New Zealand telco Chorus is warning a decision to cut regulated wholesale fees it receives for copper services will impair its ability to raise up to NZ$3 billion for work on the country's next-generation broadband network.
Chorus CEO Mark Ratcliffe said today that a decision by the Commerce Commission to cut copper wholesale prices would have "two very negative consequences for Chorus' funding ability".
The company holds around three-quarters of the contracts for building the state-funded Ultra-Fast Broadband (UFB) fibre-to-the-premises network, and Ratcliffe warned this is now in jeopardy.
Ratcliffe warned that without government intervention, "we simply will not be able to borrow the sums of money we need to make up to a $3 billion investment in UFB".
"Chorus is ahead in its UFB build program, is leading an industry transition to fibre and making other investment to improve broadband in New Zealand," he said.
"But unless the Government intervenes, it is likely that the benefits for New Zealand will be significantly compromised".
Communications minister Amy Adams who — together with Prime Minister John Key — indicated that the NZ government will override the regulator and set a price itself, did not immediately signal an intervention is on the cards.
"Now that the regulator's final price is known, the Government will consider its options in detail before making any further decisions," Adams said.
Ratcliffe said that if the Government did not intervene, Chorus would need to discuss with the Crown how it might deliver the balance of commitments to the UFB project, and indeed whether or not it is still a "credible partner" to the project.
Chorus has received NZ$900 million in interest free long term loans for the UFB project, and also a non-voting shareholding by the NZ Government.
Govt warned to stay out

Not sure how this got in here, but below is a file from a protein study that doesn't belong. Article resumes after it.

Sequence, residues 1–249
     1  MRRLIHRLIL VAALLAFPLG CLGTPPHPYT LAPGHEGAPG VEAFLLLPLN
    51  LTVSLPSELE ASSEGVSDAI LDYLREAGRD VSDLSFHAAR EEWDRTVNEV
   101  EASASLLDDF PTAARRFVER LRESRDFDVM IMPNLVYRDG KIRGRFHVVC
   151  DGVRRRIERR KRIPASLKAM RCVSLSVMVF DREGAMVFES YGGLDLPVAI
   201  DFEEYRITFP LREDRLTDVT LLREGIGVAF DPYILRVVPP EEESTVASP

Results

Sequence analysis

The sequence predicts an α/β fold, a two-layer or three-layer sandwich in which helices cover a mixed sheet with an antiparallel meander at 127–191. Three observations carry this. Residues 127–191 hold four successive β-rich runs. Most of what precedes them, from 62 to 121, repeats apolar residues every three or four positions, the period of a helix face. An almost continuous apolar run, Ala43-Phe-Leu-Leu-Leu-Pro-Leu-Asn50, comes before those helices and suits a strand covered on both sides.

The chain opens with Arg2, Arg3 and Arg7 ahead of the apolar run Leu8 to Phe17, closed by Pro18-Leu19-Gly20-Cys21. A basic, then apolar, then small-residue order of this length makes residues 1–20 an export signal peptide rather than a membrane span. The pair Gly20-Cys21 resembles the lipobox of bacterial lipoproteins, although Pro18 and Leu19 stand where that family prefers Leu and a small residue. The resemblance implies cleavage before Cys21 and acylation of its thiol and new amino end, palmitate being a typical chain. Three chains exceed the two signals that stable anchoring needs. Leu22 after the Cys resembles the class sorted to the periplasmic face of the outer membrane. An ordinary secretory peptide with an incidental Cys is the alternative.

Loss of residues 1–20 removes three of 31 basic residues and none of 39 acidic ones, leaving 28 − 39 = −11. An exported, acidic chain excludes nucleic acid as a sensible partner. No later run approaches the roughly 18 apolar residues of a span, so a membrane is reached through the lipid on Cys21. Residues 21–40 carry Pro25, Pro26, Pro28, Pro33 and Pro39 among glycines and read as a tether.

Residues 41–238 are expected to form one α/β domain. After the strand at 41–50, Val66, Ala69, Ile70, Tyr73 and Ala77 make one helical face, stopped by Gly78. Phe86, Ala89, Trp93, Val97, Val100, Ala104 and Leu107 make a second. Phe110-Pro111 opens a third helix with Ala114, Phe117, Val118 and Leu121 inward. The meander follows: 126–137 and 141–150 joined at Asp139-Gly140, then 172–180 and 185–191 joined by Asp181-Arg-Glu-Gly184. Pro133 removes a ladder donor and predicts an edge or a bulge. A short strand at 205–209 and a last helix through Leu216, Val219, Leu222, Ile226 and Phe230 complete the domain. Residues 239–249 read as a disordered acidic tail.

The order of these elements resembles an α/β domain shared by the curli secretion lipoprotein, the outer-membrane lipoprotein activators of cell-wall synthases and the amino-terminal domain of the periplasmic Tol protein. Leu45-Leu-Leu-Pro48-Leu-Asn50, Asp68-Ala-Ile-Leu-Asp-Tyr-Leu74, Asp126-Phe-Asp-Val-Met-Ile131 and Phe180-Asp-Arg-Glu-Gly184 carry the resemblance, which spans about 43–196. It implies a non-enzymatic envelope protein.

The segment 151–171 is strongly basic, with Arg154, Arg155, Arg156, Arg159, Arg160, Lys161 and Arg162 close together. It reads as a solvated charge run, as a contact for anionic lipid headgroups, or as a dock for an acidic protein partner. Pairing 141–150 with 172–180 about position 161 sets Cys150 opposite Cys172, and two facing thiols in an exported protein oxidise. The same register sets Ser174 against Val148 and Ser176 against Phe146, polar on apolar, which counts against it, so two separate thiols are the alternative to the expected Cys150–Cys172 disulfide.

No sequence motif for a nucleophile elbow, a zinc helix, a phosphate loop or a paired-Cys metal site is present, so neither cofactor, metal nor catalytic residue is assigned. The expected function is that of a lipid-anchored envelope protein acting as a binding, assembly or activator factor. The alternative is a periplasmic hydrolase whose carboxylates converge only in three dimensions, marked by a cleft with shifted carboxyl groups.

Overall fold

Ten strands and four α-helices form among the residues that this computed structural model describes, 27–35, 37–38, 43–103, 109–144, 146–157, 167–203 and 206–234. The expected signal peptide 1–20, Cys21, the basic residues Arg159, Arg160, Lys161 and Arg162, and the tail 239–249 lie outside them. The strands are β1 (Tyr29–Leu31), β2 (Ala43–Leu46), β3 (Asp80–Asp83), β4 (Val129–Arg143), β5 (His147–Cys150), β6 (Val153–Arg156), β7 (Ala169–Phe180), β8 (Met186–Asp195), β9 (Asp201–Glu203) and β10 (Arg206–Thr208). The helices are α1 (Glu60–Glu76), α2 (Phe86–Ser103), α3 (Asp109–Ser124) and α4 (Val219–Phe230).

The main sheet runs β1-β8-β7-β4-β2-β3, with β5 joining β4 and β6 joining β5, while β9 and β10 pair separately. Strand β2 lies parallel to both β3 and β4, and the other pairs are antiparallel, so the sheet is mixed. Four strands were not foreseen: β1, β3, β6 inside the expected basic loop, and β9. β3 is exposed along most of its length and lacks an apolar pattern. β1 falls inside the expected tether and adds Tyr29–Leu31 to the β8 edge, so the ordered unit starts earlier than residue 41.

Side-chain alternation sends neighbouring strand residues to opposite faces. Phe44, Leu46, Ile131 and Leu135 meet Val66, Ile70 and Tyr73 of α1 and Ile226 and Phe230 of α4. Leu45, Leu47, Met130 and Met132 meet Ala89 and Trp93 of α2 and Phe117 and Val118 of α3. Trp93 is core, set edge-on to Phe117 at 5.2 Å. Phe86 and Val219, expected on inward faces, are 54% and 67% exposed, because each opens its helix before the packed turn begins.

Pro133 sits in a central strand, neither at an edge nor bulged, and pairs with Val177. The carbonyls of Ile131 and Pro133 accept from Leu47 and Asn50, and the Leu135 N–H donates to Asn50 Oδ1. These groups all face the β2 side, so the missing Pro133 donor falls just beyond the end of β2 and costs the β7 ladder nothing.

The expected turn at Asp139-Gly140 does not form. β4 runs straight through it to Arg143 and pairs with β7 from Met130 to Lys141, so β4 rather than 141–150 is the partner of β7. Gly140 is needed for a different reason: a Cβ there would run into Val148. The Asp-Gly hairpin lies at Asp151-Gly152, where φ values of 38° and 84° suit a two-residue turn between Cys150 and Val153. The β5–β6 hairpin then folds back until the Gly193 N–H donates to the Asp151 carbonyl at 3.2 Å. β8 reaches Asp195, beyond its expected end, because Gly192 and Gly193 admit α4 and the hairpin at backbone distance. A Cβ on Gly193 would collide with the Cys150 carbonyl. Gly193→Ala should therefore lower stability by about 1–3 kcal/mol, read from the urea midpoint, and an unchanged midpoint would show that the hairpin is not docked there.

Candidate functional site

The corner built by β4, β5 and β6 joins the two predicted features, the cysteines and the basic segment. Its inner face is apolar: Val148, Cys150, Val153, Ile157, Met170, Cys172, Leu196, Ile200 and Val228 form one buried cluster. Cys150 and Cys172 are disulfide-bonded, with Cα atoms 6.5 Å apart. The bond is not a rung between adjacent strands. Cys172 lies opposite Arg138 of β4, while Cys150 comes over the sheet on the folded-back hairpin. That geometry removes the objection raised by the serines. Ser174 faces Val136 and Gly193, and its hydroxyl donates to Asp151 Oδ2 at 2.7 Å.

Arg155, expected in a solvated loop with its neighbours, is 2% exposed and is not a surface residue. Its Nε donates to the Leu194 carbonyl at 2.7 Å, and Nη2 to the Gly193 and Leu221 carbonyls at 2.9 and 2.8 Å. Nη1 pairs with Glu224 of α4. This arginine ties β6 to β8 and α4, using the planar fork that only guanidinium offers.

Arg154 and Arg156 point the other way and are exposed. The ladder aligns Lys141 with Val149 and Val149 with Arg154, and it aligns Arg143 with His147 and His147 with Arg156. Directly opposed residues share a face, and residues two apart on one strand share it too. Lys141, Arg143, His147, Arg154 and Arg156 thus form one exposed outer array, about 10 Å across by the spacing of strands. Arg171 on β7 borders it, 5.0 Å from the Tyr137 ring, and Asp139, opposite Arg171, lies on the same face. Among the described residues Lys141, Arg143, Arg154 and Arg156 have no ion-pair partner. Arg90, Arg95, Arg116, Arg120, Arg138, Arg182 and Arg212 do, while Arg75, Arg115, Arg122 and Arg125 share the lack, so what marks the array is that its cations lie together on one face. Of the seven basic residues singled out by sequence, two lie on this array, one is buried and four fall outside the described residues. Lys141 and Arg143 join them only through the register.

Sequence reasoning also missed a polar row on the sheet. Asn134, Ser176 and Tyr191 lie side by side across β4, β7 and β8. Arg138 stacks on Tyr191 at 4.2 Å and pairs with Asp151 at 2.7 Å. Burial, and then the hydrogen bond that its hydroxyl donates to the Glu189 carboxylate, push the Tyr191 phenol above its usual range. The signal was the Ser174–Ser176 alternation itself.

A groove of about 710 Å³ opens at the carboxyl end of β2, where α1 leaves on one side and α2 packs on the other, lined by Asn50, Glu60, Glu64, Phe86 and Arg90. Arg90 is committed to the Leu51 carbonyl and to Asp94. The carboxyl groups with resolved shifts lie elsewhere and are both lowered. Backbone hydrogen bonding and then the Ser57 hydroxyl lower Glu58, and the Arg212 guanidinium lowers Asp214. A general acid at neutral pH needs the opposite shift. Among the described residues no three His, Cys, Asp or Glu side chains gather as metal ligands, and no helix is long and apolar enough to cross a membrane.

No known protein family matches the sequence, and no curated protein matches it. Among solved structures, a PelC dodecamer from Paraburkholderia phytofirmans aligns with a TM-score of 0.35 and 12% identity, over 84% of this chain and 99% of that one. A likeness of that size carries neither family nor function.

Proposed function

The wholesale price paid by ISPs for a copper line and copper broadband service is set to fall from NZ$44.98 to NZ$34.44 a month.
The new price includes an almost 50 percent cut in the charge levied by Chorus for the broadband service component — which goes from NZ$21.46 to NZ$10.92 a month.
As a result of the cuts, Chorus said it is facing a funding shortfall of NZ$142 million (A$123.7 million) a year from December 1 2014 when new wholesale prices for copper-based services kick in. The shortfall is expected to top NZ$1 billion by 2020.
The regulator's decision was welcomed by the Coalition for Fair Internet Pricing, an umbrella group of consumer and user organisations.
Jordan Carter, chief executive of InternetNZ, one of the organisations in the Coalition, said the pricing was fair.
"With the price now set at NZ$34.44 a month, Kiwi consumers and businesses will be better off by NZ$100 million a year," Carter told iTnews. "The only uncertainty now would be if the government intervenes".
The Coalition called higher prices that Chorus had been seeking a "copper tax" and said it amounted to Kiwi households and businesses subsidising the telco infrastructure company to the tune of NZ$600 million.
Vodafone New Zealand said it was looking forward to the new regulatory prices coming into the market, and called for the government to stay out.
"The Commission has correctly and carefully determined the ... price within comparable benchmarks, Vodafone's head of public policy Chris Abbott told iTnews.
"Government needs to respect the Commission, and shouldn’t intervene in copper pricing".
Shares in Chorus are down 7.22 per cent on NZX as of writing.